Ben and Jerry’s Israeli franchise to expand after parent company caves to BDS demands

CEO Avi Zinger says expanding to other products like ice cream bars, and building a tourist center, is part of the plan.

By Batya Jerenberg, World Israel News

Ben & Jerry’s Israeli franchise is going to open a bigger factory and vastly expand operation in the country now that he is free of the constraints imposed on him by the anti-Israel policies of the parent brand of the ice cream he sold for years in the Jewish state, Ynet reported Sunday.

“Now I can do what I want,” Zinger told Ynet. “I plan to expand the brand into other ice cream products, with the aim of increasing my market share in the ice cream industry.”

This will include ice cream bars and popsicles, he said, which make up “60% of the ice cream market in the country.” He also wants to enlarge the frozen “pastry division, which produces pretzels, Belgian waffles, and blintzes.”

Until now, Ben & Jerry’s has been known for its pint-sized containers, which Zinger says has captured just under half of this niche market in the country.

Zinger managed for decades in his factory in the moshav of Be’er Tuvia, but with his new freedom, he will construct a much larger facility in Kiryat Gat, a city some 19 kilometers away that is perhaps most famous for another American company that set up shop in its industrial zone decades ago – Intel.

Read  Hamas chief visiting Tehran to meet with senior officials

While the chip-maker has just closed a deal with the Israeli government to build another plant there to the tune of billions of shekels that will boost Israel’s high-tech sector, Zinger’s plan may provide a lift to the tourism industry, albeit on a much smaller scale.

The CEO wants to construct a visitors’ center, which could be a great draw for local families as well as foreigners, considering the popularity of ice cream in a Middle Eastern country that basically has eight months of hot weather.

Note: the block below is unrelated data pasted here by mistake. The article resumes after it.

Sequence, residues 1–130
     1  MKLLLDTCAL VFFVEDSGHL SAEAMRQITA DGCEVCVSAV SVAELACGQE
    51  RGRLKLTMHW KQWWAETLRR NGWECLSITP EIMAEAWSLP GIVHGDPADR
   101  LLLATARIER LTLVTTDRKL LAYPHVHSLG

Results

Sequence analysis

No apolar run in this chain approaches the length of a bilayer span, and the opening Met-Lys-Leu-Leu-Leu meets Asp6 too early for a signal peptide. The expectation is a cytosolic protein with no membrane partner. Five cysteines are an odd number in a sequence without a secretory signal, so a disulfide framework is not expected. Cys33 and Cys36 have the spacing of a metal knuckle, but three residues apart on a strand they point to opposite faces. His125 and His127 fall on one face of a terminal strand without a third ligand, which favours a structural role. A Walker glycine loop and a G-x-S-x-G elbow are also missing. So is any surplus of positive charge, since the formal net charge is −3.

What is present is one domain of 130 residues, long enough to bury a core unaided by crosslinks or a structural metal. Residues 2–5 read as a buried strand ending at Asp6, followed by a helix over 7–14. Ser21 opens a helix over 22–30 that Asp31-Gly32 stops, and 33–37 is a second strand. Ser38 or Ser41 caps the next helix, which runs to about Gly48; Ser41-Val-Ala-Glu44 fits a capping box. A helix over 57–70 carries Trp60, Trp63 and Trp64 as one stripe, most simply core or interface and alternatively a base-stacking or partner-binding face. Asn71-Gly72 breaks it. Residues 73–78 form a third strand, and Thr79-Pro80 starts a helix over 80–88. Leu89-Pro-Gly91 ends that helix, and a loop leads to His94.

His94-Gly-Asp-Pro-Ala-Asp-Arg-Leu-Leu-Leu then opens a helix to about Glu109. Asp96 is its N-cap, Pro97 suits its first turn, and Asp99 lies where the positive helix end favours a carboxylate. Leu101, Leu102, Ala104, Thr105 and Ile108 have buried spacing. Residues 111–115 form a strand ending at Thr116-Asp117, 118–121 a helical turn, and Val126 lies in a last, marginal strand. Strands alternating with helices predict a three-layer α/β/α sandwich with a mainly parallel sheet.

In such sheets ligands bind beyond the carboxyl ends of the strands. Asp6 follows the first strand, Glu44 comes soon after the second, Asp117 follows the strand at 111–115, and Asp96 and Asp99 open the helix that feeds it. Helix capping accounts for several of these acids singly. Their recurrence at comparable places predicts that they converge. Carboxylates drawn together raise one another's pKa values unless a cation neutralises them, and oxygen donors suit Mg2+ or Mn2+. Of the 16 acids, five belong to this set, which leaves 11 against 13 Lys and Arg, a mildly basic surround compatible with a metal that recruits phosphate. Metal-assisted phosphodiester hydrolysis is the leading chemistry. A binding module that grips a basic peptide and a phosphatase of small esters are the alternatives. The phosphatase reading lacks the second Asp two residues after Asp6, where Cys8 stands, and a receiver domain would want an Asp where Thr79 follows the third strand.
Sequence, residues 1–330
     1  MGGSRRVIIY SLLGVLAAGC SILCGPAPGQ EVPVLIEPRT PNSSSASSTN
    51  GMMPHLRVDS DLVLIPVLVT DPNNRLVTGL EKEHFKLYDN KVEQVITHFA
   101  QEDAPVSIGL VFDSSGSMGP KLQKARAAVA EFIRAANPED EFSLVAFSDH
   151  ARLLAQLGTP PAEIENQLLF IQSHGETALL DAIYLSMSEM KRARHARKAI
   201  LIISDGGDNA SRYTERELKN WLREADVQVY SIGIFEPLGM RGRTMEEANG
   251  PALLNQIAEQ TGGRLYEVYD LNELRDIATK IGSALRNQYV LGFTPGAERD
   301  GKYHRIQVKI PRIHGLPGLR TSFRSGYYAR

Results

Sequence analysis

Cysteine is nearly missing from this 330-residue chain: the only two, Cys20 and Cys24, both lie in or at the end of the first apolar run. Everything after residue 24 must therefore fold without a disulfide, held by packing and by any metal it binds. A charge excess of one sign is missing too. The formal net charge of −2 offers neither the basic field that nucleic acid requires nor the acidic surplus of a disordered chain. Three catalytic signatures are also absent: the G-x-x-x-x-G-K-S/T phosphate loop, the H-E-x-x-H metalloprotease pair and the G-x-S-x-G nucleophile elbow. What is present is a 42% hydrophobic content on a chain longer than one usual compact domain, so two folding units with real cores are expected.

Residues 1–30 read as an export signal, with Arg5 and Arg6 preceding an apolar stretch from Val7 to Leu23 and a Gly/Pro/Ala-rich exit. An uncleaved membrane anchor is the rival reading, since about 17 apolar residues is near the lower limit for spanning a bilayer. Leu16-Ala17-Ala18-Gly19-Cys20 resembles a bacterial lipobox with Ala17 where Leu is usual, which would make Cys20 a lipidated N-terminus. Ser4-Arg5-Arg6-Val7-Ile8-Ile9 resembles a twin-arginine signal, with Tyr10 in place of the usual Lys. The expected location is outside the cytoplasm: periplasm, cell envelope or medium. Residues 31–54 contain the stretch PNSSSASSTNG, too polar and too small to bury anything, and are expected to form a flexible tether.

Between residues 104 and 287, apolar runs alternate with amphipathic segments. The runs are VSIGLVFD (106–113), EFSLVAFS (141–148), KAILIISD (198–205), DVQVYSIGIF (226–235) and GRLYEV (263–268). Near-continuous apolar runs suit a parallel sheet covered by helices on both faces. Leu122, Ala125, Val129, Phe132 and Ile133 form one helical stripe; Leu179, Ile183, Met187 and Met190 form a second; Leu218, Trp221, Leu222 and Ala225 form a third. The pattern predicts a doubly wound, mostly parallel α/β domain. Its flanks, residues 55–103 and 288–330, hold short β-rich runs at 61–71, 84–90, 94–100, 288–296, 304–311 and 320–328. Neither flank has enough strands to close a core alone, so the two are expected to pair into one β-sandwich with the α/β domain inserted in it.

He noted that in Vermont, home of the iconic American brand, its visitor center “is considered the best tourist site” in the state.

The Unilever conglomerate, which had acquired Ben and Jerry’s in 2000, had incurred huge monetary losses last year after anti-BDS legislation kicked in in several U.S. states following its subsidiary stating that it would not renew its Israeli franchisee because Zinger sold its cold treats in what it called the “occupied Palestinians territories.”

Unilever, which owns multi-million-dollar businesses in Israel, solved the problem by selling the franchise to Zinger.

The long arm of the controversy, which lasted many months, has not yet let him go, however. The chairwoman of Ben and Jerry’s in the U.S., Anuradha Mittal, recently falsely accused Israel on X of genocide in its war against Hamas following the terrorists’ surprise invasion of Israel on October 7 in which they massacred 1,200 people, the vast majority of them civilians.

Read  Erdogan’s litany of false accusations against Israel

Because of her posts, he said, “Customers told my distributors, ‘You’re Hamas supporters,’ and I have to prove I don’t.” They don’t understand, he said, that he is “no longer affiliated with the global Ben & Jerry’s brand.”